2. In the next place, it is plain that on the side of their receipts bankers are passive; in respect of their advances, the causes which act on banks are mainly of their own making. Deposits are determined by the state of the nation's wealth: a banker cannot make them larger or smaller; but it is his clear duty (and how many bankers are aware of it?) to watch closely the forces which are swelling or diminishing those surpluses of commodities which enable each depositor to sell more than he buys. The banker who desires to be prepared for a crisis ought to know that the loss of wealth which weakens deposits may arise from two causes: positively, from an actual destruction of wealth; or negatively, from a failure in its ordinary rate of accumulation. One form of this destruction of wealth is full of danger for him, and it is incomparably the most prolific parent of crises; yet it is seldom understood by bankers. Most persons are satisfied if an undertaking is sound in character; if it is no bubble, but a solid investment. They press it forward, and preach to bankers that they are safe, or even patriotic, in promoting such enterprises. Such are works of drainage, railways, docks, canals, and the like. No doubt they are all highly productive of wealth. The growth of a nation largely turns upon the prosecution of such works. But no one stops to reflect that such operations destroy wealth and impoverish until they are capable, not only of yielding profits, but also of replacing what the making of them has consumed. Nothing enriches a country like a well-planned railway; yet the construction of railways is nothing but a gigantic destruction of wealth. A railway is said to have cost ten millions of pounds, and there the mind is apt to stop. But money is no part of its cost; it moved money about, but there was as much money at the end as there was at the beginning of its construction. Its cost is something radically different from money. The making of a railway employed a vast amount of labour. That is, it fed and clothed a vast body of men for a long time; it used up huge quantities of iron and other materials, the making of which consumed food and clothing; and the result is only a line of rails, tunnels and embankments - a mere change in the surface of the land. No one doubts that if the labourers, instead of constructing a railway, had been set to dig holes in the ground and to fill them up again, a flood of poverty would have spread over the country. In what respect, for the time, does a railway differ from such holes? If all this labour had been employed in manufacturing iron and calico, and exchanging it in America for corn and bacon, the wealth of the nation would have suffered no diminution; whilst everything consumed directly and indirectly in constructing a railway, until replaced by goods, by actual commodities, by other wealth, is a dead loss, a real infliction, so far, of poverty. New works of solid and enriching character, but of long replacement of capital consumed, are the very raw material of a crisis.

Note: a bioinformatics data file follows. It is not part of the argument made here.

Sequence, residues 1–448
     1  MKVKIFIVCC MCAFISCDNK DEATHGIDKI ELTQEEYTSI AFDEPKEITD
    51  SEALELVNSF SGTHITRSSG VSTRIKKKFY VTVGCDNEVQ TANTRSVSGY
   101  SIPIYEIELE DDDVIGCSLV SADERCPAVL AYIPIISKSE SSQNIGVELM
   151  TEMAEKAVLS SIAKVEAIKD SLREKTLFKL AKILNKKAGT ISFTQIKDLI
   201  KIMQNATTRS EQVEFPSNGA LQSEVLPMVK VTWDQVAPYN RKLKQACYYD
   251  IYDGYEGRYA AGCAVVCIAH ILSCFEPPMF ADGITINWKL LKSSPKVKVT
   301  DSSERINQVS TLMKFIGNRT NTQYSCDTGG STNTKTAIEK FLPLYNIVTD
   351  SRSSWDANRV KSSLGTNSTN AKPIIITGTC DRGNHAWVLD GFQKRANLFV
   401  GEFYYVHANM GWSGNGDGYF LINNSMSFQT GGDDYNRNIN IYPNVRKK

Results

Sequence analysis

The distinctive characteristic of a true crisis is that it is the consequences of a previous destruction of wealth. This great feature, in spite of its immense importance for preventive action, scarcely any one notices; yet it is the fact which gives its real significance to a crisis. The expression panic denotes well the agitation which sets in upon the banking world, when losses are discovered and wild suspicion awakened, and general terror is excited, as to who is safe and who not: but the crisis which is the cause of the panic has a far earlier origin. There may be great losses in the money market, many premiums may have turned into discounts, many persons grievously hurt, yet there is not necessarily a panic. What one man loses another man has gained: banking resources need not generally be reduced by the commotion, even though a bank or two may have its credit, or even its existence compromised. The discounting of commercial bills may, on the whole, find lending power undiminished. Again, great losses may occur in a particular trade and yet no crisis spring up. The cotton famine brought heavy disaster on Lancashire, many fortunes passed away, yet at no period of this paralysis of a vast trade did a crisis set in. The calamity came on slowly: bankers, merchants, manufacturers, every one foresaw it, and shaped their conduct accordingly. There was no surprise, no sudden and rapid plunge from prosperity into adversity, no unexpected revelation that men who stood in high repute were undermined and falling, no agony agitating bankers and creditors as to who was able to pay and who not, no hurricane bursting on discount and loans. It is often said in the press that a country has not recovered a monetary crisis for years, but this is inaccurate language. A country cannot be long injured by the mere fact that some banks and mercantile houses have been brought to a stoppage. Gold, notes, banks, commercial firms, are mere machinery: they are not the wealth of a nation. They may fall into disorder, but if that is all, the national wealth remains intact and trade will soon right itself. But it is true nevertheless that the effects of a crisis last for a long time, but that happens - and this is the great truth to remember - because a crisis is only the culminating point of a long-continued destruction of capital which has preceded. Thus in 1825 some thirty millions had been lent to the States of South America, which had left England - as public loans always do - not in money but in goods. The wealth of England was reduced by goods worth that sum of money. Bankers too had largely speculated in mines and other venturesome undertakings, and had encouraged others to speculate. But speculation is not mere betting, for then the country would be none the poorer - the speculation was of a different kind. It set in movement vast applications of labour. Wages were given, which means that food and clothing were consumed: materials were bought with labour - that is again, with the destruction of the things consumed by the makers: the returns made to the capital destroyed were poor, wealth was diminished, banks failed, and losses fell upon depositors. So again in 1847, the potatoe disease had caused a gigantic destruction of wealth. The cotton crop had failed in America, rendering cotton dear, thus diminishing English trade with foreign countries, and impoverishing English consumers. Above all, the construction of railways had been carried on to an extent far exceeding the savings of the country. They could not be completed by those who had committed themselves to the shares. They could not meet the calls. The resources of the banks were crippled. The shareholders had emptied out their accounts, and borrowed, when they could, from the banks instead of bringing in deposits. Shares were unsaleable, except at ruinous loss. But the fact to grasp in all this disorder is that the shareholders had expended their property in setting labourers to work, who consumed the wealth and made diverse constructions on the ground, which did not act as wealth, and were not wealth at all till they proceeded to work in making wealth. In 1857 a similar excess of railway construction had been carried on in America, which compromised much English wealth, and disturbed one of the most important of English trades. France, too, experienced a similar derangement, and then a sharp though short crisis was rapidly developed. In 1866 the civil war in America had overthrown the production of cotton, a crop as truly English as if it had been grown in England. The Americans lost the power of buying English goods. English capital - always in the form of English goods - had been sent to India, to Egypt, and to other regions, to promote the growth of cotton in order to make up the deficiency of the American supply. Houses like the Gurneys had built ships at Millwall and equipped great fleets in Galway with much consumption of wealth: they were not wanted, and were nearly pure waste. Mills and factories had been built far beyond the means of trade to give them employment; the capital consumed by the workmen in building was for the time a dead loss. Abroad towns had been enlarged and beautified with English capital: industries had been opened out in the colonies in countless numbers, whilst at home numerous railway projects had been commenced: the destruction of food and clothing by the workmen was not replaced by unfinished lines: not one shilling's worth of wealth had been produced in return.